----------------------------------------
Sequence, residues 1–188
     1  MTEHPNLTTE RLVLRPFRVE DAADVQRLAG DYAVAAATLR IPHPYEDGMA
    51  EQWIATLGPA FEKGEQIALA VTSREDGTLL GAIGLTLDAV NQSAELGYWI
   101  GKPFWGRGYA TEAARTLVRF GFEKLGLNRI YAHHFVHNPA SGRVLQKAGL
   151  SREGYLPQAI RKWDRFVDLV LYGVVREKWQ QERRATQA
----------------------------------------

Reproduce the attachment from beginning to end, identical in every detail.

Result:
Sequence, residues 1–188
     1  MTEHPNLTTE RLVLRPFRVE DAADVQRLAG DYAVAAATLR IPHPYEDGMA
    51  EQWIATLGPA FEKGEQIALA VTSREDGTLL GAIGLTLDAV NQSAELGYWI
   101  GKPFWGRGYA TEAARTLVRF GFEKLGLNRI YAHHFVHNPA SGRVLQKAGL
   151  SREGYLPQAI RKWDRFVDLV LYGVVREKWQ QERRATQA